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'We've gone as far as we can go, legally': Western University president says on campus vaccinations

Vaccinations will not be made mandatory at post-secondary institutions for a return to campus this fall, but some students and faculty at Western University are pushing for just that. 

No capacity limits, physical distancing rules on campus: memo to colleges, universities reveals

Western University president Alan Sheppard said the institution has "gone as far as it can go, legally," with vaccination policies, at a news conference on Monday. (Colin Butler/CBC)

Vaccinations will not be made mandatory at Western University or other post-secondary institutions in Ontario for a return to campus this fall, and some students and faculty in London say that is a mistake.  

Western University is requiring students staying in residence to have at least one dose of the COVID-19 vaccine but that is as far as it will go to mandate vaccine policies on campus.

"Vaccines are not mandatory but we are ensuring that post-secondary institutions are working with their local public health units," said Jill Dunlop, Ontario Minister of Colleges and Universities Dunlop at a press conference at Western University Monday.

"I know that Western is planning a pop-up clinic shortly to ensure that we're getting as many young people vaccinated as possible.

The ministry told all Ontario colleges and universities to prepare for in-person learning in the fall, with no capacity limits or physical distancing rules on campus. Post-secondary institutions were also told to prepare a backup plan to keep classes running in the event of a COVID-19 outbreak. 

While vaccines will not be mandated, the ministry is encouraging on-campus vaccination and rapid testing.

"Universities and colleges are legal entities of their own and we do not look at matters of academic and administration, so that would be up to each individual," she said.

"Vaccines are not mandatory but we are ensuring that post-secondary institutions are working with their local public health units," said Jill Dunlop, Ontario Minister of Colleges and Universities. (Colin Butler/CBC)

Western University President Alan Shepard, who joined the minister at the news conference, said Monday he is comfortable with Western's fall plan.

It includes the decision to mandate single-dose vaccinations to students living in residence. The university's housing guide says unvaccinated students will be allowed to move in, so long as they receive their first dose within 14 days of arrival. 

It also says students are required to receive a second dose but no timeline is given. A vaccination clinic will be setup on campus. 

"We're obviously encouraging everyone to get vaccinated and we feel that we've gone as far as we can go legally, and we're very comfortable with our decision," Shepard said.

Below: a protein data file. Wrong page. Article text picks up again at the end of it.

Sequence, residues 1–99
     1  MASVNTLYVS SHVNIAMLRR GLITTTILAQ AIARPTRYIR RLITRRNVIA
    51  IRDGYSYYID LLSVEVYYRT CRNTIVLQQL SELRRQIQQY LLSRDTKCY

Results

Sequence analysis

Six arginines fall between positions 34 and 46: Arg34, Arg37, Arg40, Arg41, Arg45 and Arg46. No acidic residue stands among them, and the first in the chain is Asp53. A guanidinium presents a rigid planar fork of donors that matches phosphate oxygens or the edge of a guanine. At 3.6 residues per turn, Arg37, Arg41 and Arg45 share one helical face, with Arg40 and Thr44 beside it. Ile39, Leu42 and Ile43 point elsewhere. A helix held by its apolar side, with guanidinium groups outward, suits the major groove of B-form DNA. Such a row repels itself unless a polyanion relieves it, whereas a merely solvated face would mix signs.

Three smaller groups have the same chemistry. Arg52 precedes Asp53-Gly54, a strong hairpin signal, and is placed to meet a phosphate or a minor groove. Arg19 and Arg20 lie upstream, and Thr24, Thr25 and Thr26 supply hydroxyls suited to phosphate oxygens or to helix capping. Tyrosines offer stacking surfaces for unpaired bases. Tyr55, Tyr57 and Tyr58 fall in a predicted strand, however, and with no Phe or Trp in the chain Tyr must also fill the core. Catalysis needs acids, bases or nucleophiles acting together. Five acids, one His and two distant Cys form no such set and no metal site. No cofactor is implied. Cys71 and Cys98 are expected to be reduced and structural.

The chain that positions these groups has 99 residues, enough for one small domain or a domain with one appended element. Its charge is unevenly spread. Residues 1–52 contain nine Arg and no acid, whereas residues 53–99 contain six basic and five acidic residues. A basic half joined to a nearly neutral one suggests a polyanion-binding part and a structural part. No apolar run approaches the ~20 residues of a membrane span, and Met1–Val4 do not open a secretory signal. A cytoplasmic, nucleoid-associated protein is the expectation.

"The future is never as clear as the past is. We do have a plan in place and we were one of the first Canadian universities to convert to all-online should we need to do that."

Sheppard said Western is prepared to pivot to virtual learning on short notice if necessary but he does not anticipate needing to do so.

Students, profs feel unsafe

Earlier this month, Seneca College announced it will be requiring all students and staff attending campus in-person to be vaccinated. A professor at Western also called on the university to implement the same policy saying it has a responsibility to "keep everyone safe."

Some Western students like Cameron Hick, a Master of Science student, would like to see mandatory vaccine policies in place on campus, to feel safe.

"To ensure the safety of our campus, the only way to do that is by requiring vaccinations for those who are able," Hick said.

"I've been seeing a ton of support from different professors that want these vaccinations for students so that they can feel safe returning to in-person learning," she said.

Hick earned her undergraduate degree in medical science in April and said she has been reaching out to friends and family to encourage them to get vaccinated.

"There are professors who have kids at home under 12 who can't be vaccinated right now, there are people who are immunocompromised who can't get vaccinated and in order to keep those people safe, my age group especially 18-29 needs to get vaccinated," Hick said. 

A memo from the province tells Ontario colleges and universities to prepare for in-person learning in the fall, with no capacity limits or physical distancing rules on campus. (Sara Jabakhanji/CBC)

In a news briefing Monday, Dr. Alex Summers, Associate Medical Officer of Health with the Middlesex London Health Unit (MLHU), said they will continue working with post-secondary institutions on a safe return to in-person classes.

"We will continue to have conversations with Western and Fanshawe, as we further understand how high the vaccination coverage rate will rise on its own and what the impact of the Delta strain will be," Summers said.

Summers said the MLHU will continue to explore other tools to ensure that vaccine coverage is as high as can be to ensure a return to campus in the fall will be "safe and productive."

A full framework with recommended COVID-19 safety measures will be provided by early next month, Dunlop said.

Clarifications

  • An earlier version of this story said Alan Shepard was comfortable with the decision to mandate single doses of vaccines to students living in residence. Western's Media Relations Executive Director of Editorial Strategy & Media Relations, Marcia Steyaert says the president meant he is comfortable with the overall plan for the fall, which also includes vaccination clinics on campus.
    Jul 20, 2021 4:24 PM ET

With files from Colin Butler and Isha Bhargava

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